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Blind Primaries   (+6, -7)  [vote for, against]
Presidential primaries strung out, but results witheld

So two of the major conflicting forces in when to schedule presidential primaries are these:

1) If you string out the primaries, then the media goes crazy about whatever the states early on decide, and that biases later states' results, such that they don't get the same fair input.

2) If you smash all the primaries together, candidates don't have enough time to campaign in each state, and everything becomes faceless TV ads, put on most successfully by the richest candidates.

Solution? Spread out primaries all the way from February to July or so, in such a way as to maximize naturalistic, locally relevant, personalized campaigning by candidates in as many places as possible. BUT do not, under any circumstances, release the results of any state's primary to the public knowledge until after all states have participated, so there isn't any bandwagon mentality.
-- Smurfsahoy, Jan 09 2008

I thinks idea has a lot of merit.

// everything becomes faceless TV ads, put on most successfully by the richest candidates //

Why not just regular political advertising - in terms of the time and money alloted to a particular candidate.
-- Brett-Blob, Jan 09 2008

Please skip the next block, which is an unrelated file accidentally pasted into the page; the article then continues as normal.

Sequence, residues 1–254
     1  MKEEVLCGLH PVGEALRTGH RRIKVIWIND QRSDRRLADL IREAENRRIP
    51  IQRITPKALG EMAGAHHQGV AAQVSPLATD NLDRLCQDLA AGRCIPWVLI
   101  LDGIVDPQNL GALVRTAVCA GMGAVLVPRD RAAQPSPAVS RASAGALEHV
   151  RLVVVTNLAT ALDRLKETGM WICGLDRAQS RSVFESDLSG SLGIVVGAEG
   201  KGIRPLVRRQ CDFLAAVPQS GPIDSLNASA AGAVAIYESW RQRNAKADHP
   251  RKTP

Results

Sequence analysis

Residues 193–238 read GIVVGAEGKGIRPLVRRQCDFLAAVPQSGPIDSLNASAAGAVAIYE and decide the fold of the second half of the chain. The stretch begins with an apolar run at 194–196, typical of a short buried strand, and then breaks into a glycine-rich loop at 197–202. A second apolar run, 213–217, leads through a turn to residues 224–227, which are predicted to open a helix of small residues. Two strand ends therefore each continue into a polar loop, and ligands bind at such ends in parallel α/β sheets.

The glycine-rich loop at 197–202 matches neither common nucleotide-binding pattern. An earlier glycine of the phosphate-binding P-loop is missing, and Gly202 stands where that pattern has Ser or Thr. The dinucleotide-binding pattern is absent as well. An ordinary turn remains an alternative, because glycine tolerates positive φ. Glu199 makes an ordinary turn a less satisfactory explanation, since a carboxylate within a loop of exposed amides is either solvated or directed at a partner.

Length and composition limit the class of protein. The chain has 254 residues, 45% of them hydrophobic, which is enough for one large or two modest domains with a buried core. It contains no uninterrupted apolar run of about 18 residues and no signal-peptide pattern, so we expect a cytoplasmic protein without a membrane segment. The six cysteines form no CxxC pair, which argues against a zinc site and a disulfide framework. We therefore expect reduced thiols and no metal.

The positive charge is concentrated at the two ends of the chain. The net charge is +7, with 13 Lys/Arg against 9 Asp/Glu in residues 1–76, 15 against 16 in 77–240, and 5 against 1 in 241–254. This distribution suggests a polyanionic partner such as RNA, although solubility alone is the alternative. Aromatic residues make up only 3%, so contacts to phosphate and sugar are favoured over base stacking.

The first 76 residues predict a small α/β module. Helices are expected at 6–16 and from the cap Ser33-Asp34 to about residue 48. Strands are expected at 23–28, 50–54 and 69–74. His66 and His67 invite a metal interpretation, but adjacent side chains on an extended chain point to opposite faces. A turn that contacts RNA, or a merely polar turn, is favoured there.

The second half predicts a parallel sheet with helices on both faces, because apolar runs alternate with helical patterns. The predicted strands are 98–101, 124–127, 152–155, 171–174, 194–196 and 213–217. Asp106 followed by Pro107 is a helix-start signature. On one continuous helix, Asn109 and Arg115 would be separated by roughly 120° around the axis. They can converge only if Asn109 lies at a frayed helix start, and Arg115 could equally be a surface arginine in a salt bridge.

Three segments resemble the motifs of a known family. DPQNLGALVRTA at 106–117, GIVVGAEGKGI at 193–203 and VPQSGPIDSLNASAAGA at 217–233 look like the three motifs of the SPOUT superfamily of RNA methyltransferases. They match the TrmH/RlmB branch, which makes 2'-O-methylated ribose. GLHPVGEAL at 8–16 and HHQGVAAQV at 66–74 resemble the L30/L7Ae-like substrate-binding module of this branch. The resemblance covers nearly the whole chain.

Sorry, dude. I don't want another law that restricts the flow of information, but I do appreciate the sentiment.
-- CoolSolutions, Jan 09 2008

The results would just leak through the blogosphere anyway. Unless the gov't became 100% fascist and was able to assemble the mobile "silencing" units overnight. [-]

edit: Tell me how you'd make it work and I'll unbone.
-- Spacecoyote, Jan 09 2008

@ spacecoyote:

Two replies 1) There wouldn't BE any known results to "leak," outside of official sealed records that only a few people in the country need to have seen. If the media is banned from reporting exit polls, then the only way you're going to get results known is if random private individuals who don't mind being prosecuted run around and take informal polls themselves. But whatever they come up with (if anything - how many people would tell a random crazy guy on the street who he voted for?) would be horribly inaccurate anyway.

2) Even if there was some sort of reasonably accurate count out there for one or two states, if the mainstream media is not broadcasting it, most people won't hear about it anyway. Only the people who happen to read the blogs in question (all three of the blogs that also don't mind prosecution) would hear about it, and their friends.

2nd and 3rd hand information about an informal, private polls with no accuracy guarantees, heard only by people who are probably already pretty educated anyway (and thus would not likely be the ones to be bandwagoning in primaries in the first place) is not much of a threat to this plan.
-- Smurfsahoy, Jan 09 2008

If you're willing to challenge the first amendment (as you seem to be), and you want to discourage //faceless TV ads, put on most successfully by the richest candidates//, wouldn't it be better and easier to put restrictions on party-political TV advertising (such as exist in other democracies), instead of prosecuting bloggers and trying to suppress opinion polls?
-- pertinax, Jan 09 2008

@ pertinax: